|Publication number||US5659994 A|
|Application number||US 08/563,122|
|Publication date||Aug 26, 1997|
|Filing date||Nov 29, 1995|
|Priority date||Nov 29, 1995|
|Publication number||08563122, 563122, US 5659994 A, US 5659994A, US-A-5659994, US5659994 A, US5659994A|
|Inventors||Vic Cutter, Danny R. Foote|
|Original Assignee||Berkley, Inc.|
|Export Citation||BiBTeX, EndNote, RefMan|
|Patent Citations (42), Non-Patent Citations (2), Referenced by (20), Classifications (16), Legal Events (6)|
|External Links: USPTO, USPTO Assignment, Espacenet|
The present invention relates to a new structure for lines used for flyfishing.
Fish, especially trout, eat insects native to streams and lakes in which they live. One catching strategy is to use artificial flies that mimic the natural prey insects. Many of these insects are small and float on the surface. Certain considerations and techniques are required in fly fishing gear design for effective mimicking of natural insect activity.
One key consideration is the role and placement of weight. The artificial lures ("flies") used in flyfishing must be virtually weightless and the line must be designed to deliver the fly to the water surface with as gentle a landing as is performed by a real insect. Usually, a line is used that exhibits a multiple or compound taper. It tapers from a relatively larger diameter at the belly to a relatively small diameter at the tip. Other taper configurations are employed for affecting reel capacity, line reversibility, or casting performance.
Anglers also wish to mimic prey insects that could float as well as those that would sink. With the degree of precision required by expert fly angler, however, it was imperative that a line represented to be a floating line was actually able to float over the life of the line and that were supposed to sink would sink appropriately. Since few, if any, of the pre-1940 silk, linen, or horsehair-containing lines was able to float, the line surface was treated ("dressed") with wax, muscilin, or paraffin to make them water repellant. Because these early lines were susceptible to rotting and required routine cleaning, the integrity of the water repellant dressing was critical to the useful life of flylines.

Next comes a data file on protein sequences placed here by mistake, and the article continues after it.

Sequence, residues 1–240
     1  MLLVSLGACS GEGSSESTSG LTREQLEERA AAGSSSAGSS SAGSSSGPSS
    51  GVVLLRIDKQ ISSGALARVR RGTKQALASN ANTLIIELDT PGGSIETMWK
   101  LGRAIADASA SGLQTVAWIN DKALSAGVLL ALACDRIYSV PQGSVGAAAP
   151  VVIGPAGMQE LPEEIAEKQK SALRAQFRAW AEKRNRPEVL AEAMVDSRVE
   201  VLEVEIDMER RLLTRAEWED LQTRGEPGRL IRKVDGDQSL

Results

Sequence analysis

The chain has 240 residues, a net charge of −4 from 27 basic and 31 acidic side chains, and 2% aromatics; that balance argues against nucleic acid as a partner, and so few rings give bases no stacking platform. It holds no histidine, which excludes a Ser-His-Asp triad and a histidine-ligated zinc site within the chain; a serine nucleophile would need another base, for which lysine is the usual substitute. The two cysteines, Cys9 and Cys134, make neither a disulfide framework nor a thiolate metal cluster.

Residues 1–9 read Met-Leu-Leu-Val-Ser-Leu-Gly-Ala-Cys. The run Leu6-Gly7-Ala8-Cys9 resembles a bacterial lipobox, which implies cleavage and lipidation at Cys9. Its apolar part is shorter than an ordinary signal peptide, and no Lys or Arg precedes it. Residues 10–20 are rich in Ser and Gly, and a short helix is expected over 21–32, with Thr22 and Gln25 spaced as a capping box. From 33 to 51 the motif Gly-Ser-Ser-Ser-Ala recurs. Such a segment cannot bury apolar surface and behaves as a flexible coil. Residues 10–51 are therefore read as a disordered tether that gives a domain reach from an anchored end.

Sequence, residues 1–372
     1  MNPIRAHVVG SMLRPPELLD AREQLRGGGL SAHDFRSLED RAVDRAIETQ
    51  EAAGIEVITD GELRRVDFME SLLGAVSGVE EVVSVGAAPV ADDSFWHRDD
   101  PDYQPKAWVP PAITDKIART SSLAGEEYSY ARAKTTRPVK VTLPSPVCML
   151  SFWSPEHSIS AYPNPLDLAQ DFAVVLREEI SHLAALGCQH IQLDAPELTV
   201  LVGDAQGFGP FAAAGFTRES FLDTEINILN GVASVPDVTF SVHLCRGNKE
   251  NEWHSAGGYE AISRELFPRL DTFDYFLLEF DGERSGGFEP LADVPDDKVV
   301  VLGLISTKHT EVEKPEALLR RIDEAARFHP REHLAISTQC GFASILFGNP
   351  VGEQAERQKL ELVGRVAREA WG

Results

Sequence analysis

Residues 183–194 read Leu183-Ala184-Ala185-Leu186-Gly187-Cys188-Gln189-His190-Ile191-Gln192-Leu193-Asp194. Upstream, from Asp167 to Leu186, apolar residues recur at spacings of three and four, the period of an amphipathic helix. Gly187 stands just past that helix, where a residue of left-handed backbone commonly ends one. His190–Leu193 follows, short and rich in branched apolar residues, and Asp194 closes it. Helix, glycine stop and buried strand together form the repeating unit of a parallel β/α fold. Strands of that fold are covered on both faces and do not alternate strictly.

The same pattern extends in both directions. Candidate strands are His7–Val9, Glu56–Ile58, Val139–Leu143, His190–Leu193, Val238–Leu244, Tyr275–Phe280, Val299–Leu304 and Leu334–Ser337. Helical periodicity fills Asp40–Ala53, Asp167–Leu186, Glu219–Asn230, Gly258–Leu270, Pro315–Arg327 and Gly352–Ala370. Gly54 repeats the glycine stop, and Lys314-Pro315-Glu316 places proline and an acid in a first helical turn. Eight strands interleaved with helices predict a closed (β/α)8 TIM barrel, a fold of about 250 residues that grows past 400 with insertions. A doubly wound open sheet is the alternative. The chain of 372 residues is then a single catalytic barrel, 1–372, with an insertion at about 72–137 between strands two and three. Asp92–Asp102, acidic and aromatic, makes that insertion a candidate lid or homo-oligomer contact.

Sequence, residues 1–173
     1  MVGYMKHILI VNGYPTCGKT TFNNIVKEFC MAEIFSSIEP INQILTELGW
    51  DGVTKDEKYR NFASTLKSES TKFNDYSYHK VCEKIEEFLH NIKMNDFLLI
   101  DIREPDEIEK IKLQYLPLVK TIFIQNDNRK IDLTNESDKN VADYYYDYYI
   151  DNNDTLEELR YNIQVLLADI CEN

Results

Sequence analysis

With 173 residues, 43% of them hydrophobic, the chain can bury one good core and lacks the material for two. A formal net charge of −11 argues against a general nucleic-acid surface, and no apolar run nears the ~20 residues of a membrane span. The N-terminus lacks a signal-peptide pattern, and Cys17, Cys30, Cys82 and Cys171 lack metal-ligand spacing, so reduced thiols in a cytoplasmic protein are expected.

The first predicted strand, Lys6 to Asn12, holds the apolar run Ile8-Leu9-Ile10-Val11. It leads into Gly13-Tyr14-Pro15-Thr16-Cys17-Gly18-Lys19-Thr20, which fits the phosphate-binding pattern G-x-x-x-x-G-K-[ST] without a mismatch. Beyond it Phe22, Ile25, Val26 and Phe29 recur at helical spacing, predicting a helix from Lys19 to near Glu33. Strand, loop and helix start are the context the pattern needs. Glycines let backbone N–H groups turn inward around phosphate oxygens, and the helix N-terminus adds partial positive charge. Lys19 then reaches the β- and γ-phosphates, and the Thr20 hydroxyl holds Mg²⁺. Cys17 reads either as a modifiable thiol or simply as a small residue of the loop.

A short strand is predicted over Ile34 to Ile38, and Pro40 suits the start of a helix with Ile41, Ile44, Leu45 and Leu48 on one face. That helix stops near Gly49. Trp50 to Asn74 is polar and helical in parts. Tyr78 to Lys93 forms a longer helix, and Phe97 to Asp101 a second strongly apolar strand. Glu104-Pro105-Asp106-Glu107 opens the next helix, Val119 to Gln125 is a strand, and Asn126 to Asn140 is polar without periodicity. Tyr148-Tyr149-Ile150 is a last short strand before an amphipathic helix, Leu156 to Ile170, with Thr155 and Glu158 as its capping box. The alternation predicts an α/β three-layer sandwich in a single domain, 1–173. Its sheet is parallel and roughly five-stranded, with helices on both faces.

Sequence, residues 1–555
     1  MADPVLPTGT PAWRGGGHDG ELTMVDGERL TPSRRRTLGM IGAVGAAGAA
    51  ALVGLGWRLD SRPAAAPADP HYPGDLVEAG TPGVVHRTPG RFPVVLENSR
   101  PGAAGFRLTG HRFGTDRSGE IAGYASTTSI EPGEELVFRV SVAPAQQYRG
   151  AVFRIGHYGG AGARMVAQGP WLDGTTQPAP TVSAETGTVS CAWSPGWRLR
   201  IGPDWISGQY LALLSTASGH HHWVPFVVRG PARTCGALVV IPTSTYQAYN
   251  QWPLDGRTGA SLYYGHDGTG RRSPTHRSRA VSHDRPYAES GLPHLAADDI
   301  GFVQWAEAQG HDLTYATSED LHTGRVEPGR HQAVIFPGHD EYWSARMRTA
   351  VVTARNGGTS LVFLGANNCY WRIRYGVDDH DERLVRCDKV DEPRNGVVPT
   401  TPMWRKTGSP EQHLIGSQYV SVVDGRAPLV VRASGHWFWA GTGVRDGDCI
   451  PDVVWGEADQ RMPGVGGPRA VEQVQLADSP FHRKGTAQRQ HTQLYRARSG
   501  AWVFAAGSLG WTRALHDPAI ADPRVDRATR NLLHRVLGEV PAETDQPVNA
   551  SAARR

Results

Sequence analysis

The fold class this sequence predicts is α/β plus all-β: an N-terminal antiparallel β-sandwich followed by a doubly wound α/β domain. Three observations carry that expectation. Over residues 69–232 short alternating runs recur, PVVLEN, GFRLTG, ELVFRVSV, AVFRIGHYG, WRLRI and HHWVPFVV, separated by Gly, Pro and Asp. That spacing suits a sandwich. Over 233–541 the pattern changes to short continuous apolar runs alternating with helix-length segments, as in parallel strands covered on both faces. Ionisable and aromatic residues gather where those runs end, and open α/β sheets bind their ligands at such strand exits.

In the 1940's, synthetic line materials became available. These new materials permitted new flyline opportunities. For example, the prior natural line dressings could now be replaced with an overcoat of synthetic buoyant materials that would not suffer the drawbacks of the natural dressing materials. Nylon lines were used for floating lines. Polyester was used for sinking lines.
Tapering the early lines was accomplished by a painstakingly labor intensive process based on splicing together fibers of reducing diameters to achieve the taper, e.g., Miller et al. U.S. Pat. No. 2,933,798. This process established a high price for such lines and taught line designers about the interactions among weight distribution, casting ease, and casting distance. All of the post-1940 lines were based on a central line for strength and flexibility with buoyant coatings to improve float characteristics. Although solid monofilaments were suggested as useful in some of the early patents, the need for core lines with low stretch, an air evacuation route, and minimum flexibility requirements dictated that hollow braids became the state of the art as the core for modern flylines.